Gauze v. Bradt et al
DECISION & ORDER Plaintiff's request for appointment of counsel 39 is again denied without prejudice. It is plaintiff's responsibility to retain an attorney or press forward with this lawsuit pro se; plaintiff's request for a n order compelling interrogatory responses from Michael Boczar 39 is denied without prejudice at this time; plaintiff's request to be compensated $3,000 in attorney's fees 39 is denied. Signed by Hon. Marian W. Payson on 6/17/2016. Copy of Decision & Order sent by First Class Mail to plaintiff Dwayne Gauze on 6/17/2016. (KAH)
UNITED STATES DISTRICT COURT
WESTERN DISTRICT OF NEW YORK
DECISION & ORDER
OFFICER M. BOZAR, et al.,
On December 2, 2013, pro se plaintiff Dwayne Gauze (“plaintiff”) filed a
complaint in the above-captioned matter asserting constitutional violations pursuant to 42 U.S.C.
§ 1983. (Docket ## 1, 5). Plaintiff’s claims arise out of his incarceration at Attica Correctional
Facility. (Id.). Currently pending before this Court is plaintiff’s motion for appointment of
counsel, an order compelling interrogatory responses from an unserved defendant, Officer
Michael Boczar, and $3,000.00 in attorney’s fees.1 (Docket # 39). Defendants have opposed the
motion. (Docket # 45). Plaintiff’s motion for appointment of counsel is his fourth application
for assignment of pro bono counsel, the previous three having been denied by this Court by
Decision and Order dated January 29, 2016. (Docket ## 31, 33, 43, 44).
With respect to plaintiff’s request for appointment of counsel, it is well-settled
that there is no constitutional right to appointed counsel in civil cases. Although the Court may
appoint counsel to assist indigent litigants pursuant to 28 U.S.C. § 1915(e), see, e.g., Sears,
Roebuck and Co. v. Charles W. Sears Real Estate, Inc., 865 F.2d 22, 23 (2d Cir. 1988), such
In his motion, plaintiff also objects to defendants’ response to his previous motion seeing similar relief.
(Docket # 39 at 4 ¶ 1 (referring to Docket ## 33, 37)). The Court has already resolved that motion, rendering
plaintiff’s objections moot. (Docket # 44).
assignment of counsel is clearly within the judge’s discretion. In re Martin-Trigona, 737 F.2d
1254 (2d Cir. 1984). The factors to be considered in deciding whether or not to assign counsel
include the following:
Whether the indigent’s claims seem likely to be of
Whether the indigent is able to investigate the crucial facts
concerning his claim;
Whether conflicting evidence implicating the need for
cross-examination will be the major proof presented to the
Whether the legal issues involved are complex; and
Whether there are any special reasons why appointment of
counsel would be more likely to lead to a just determination.
Hendricks v. Coughlin, 114 F.3d 390, 392 (2d Cir. 1997); see also Hodge v. Police Officers, 802
F.2d 58 (2d Cir. 1986).
The Court must consider carefully the issue of appointment of counsel because
“every assignment of a volunteer lawyer to an undeserving client deprives society of a volunteer
lawyer available for a deserving cause.” Cooper v. A. Sargenti Co., Inc., 877 F.2d 170, 172 (2d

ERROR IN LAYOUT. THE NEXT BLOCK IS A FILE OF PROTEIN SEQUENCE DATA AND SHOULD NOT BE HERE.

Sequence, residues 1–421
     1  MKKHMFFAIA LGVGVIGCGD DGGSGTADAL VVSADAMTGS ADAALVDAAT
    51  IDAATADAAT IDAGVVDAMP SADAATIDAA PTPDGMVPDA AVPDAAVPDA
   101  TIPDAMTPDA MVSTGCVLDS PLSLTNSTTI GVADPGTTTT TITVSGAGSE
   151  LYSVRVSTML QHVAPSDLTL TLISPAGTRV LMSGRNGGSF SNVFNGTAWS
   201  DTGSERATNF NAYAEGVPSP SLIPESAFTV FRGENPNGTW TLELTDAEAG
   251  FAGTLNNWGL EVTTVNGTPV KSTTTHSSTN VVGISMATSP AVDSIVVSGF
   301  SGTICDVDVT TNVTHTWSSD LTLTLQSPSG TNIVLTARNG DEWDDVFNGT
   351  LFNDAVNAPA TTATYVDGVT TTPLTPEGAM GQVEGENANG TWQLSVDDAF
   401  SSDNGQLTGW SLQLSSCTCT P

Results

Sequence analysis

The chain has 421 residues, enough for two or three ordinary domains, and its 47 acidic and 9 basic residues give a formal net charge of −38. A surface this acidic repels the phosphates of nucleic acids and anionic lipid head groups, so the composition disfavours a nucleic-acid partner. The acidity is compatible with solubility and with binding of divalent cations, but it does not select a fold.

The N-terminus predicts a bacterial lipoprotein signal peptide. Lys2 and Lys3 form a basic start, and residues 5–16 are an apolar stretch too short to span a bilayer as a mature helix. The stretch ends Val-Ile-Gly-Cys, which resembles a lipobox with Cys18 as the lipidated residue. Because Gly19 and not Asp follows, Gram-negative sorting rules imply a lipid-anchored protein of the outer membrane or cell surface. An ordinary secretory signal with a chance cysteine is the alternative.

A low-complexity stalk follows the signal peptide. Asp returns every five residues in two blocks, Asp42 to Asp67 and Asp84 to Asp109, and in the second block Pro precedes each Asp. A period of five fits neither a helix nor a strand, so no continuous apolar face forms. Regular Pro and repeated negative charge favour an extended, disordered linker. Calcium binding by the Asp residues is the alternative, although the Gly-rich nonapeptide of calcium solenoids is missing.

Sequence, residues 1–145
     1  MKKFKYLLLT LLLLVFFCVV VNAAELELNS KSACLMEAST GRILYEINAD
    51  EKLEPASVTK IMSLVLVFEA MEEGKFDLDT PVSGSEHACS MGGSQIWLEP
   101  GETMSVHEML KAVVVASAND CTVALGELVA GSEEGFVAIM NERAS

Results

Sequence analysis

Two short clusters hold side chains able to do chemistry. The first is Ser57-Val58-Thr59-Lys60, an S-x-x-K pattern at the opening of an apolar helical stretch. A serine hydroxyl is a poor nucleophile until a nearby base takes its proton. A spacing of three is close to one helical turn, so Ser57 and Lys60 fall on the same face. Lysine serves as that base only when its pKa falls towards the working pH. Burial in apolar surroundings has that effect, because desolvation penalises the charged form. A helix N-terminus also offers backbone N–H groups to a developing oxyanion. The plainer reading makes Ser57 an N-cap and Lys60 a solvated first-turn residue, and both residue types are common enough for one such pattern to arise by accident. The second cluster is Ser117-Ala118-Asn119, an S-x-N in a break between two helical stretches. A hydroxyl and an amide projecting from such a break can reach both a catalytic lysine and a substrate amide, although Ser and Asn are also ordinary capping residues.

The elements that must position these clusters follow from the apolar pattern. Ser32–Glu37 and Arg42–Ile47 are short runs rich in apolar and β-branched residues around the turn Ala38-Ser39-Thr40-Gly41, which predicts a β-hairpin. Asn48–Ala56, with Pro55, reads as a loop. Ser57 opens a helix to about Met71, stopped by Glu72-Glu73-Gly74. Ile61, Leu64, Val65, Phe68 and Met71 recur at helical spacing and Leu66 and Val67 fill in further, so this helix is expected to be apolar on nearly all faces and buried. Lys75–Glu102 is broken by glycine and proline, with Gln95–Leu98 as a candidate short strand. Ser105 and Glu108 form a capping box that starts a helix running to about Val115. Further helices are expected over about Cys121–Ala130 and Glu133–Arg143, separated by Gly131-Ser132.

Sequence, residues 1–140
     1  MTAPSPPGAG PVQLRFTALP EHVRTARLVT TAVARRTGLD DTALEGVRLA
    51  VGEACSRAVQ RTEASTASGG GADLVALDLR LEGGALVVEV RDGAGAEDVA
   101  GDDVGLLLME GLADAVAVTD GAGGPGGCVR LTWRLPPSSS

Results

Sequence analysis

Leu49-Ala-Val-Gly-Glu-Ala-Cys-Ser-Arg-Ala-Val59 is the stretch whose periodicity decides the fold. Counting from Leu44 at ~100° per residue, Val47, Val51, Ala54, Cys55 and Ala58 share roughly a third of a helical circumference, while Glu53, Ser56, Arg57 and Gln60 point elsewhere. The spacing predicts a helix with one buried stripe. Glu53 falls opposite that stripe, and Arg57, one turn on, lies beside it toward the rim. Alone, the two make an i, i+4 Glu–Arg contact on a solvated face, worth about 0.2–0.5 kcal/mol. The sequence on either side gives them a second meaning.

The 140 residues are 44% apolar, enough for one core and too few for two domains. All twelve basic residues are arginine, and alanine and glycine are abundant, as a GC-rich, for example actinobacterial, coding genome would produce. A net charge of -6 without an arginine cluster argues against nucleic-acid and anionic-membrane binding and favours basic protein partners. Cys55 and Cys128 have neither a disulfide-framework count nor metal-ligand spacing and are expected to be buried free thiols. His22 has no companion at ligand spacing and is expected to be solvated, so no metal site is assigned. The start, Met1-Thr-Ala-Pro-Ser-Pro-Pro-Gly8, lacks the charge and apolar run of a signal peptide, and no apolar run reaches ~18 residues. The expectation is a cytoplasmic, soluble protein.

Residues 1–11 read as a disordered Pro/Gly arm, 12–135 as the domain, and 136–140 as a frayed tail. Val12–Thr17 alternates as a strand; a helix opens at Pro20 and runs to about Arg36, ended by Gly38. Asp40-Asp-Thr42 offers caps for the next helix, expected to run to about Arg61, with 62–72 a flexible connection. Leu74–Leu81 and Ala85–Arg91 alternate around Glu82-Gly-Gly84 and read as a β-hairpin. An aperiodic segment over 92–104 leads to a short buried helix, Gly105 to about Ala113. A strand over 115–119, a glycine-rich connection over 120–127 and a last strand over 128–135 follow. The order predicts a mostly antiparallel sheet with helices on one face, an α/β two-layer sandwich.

Cir. 1989). Therefore, the Court must first look to the “likelihood of merit” of the underlying
dispute, Hendricks v. Coughlin, 114 F.3d at 392; Cooper v. A. Sargenti Co., Inc., 877 F.2d at
174, and “even though a claim may not be characterized as frivolous, counsel should not be
appointed in a case where the merits of the . . . claim are thin and his chances of prevailing are
therefore poor.” Carmona v. United States Bureau of Prisons, 243 F.3d 629, 632 (2d Cir. 2001)
(denying counsel on appeal where petitioner’s appeal was not frivolous but nevertheless
appeared to have little merit).
The Court has reviewed the facts presented herein in light of the factors required
by law and finds, as it has previously, that the appointment of counsel is not necessary at this
time. As stated above, a plaintiff seeking the appointment of counsel must demonstrate a
likelihood of success on the merits. See id. Plaintiff has not done so at this stage. Moreover, the
legal issues in this case do not appear to be complex, nor does it appear that conflicting evidence
will implicate the need for extensive cross-examination at trial. Finally, plaintiff’s case does not
present any special reasons justifying the assignment of counsel. The fact that plaintiff is
dissatisfied with defendants’ responses to his discovery requests or motions is not, without merit,
a justification for appointment of counsel. (See Docket # 39 at 2). On this record, plaintiff’s
request for appointment of counsel (Docket # 39) is again DENIED without prejudice. It is the
plaintiff’s responsibility to retain an attorney or press forward with this lawsuit pro se. 28 U.S.C.
With respect to plaintiff’s request for an order compelling interrogatory responses
from Michael Boczar (Docket # 39), that request is DENIED without prejudice at this time
because Boczar is not a party in this suit and defendants have already provided all information in
their possession regarding Boczar’s last known address (Docket ## 44, 45). Finally, plaintiff’s
request to be compensated $3,000 in attorney’s fees (Docket # 39) is DENIED.
IT IS SO ORDERED.
s/Marian W. Payson
MARIAN W. PAYSON
United States Magistrate Judge
Dated: Rochester, New York
June 17, 2016
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